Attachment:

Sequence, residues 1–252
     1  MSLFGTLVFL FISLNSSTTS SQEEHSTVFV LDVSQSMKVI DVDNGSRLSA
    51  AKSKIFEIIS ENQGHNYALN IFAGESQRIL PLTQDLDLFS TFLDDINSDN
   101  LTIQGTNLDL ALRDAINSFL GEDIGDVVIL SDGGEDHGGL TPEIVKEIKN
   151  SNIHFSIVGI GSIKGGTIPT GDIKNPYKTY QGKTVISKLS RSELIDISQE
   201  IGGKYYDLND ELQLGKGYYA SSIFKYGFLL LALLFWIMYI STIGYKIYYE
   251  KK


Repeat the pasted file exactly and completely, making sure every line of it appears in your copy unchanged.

Sequence, residues 1–252
     1  MSLFGTLVFL FISLNSSTTS SQEEHSTVFV LDVSQSMKVI DVDNGSRLSA
    51  AKSKIFEIIS ENQGHNYALN IFAGESQRIL PLTQDLDLFS TFLDDINSDN
   101  LTIQGTNLDL ALRDAINSFL GEDIGDVVIL SDGGEDHGGL TPEIVKEIKN
   151  SNIHFSIVGI GSIKGGTIPT GDIKNPYKTY QGKTVISKLS RSELIDISQE
   201  IGGKYYDLND ELQLGKGYYA SSIFKYGFLL LALLFWIMYI STIGYKIYYE
   251  KK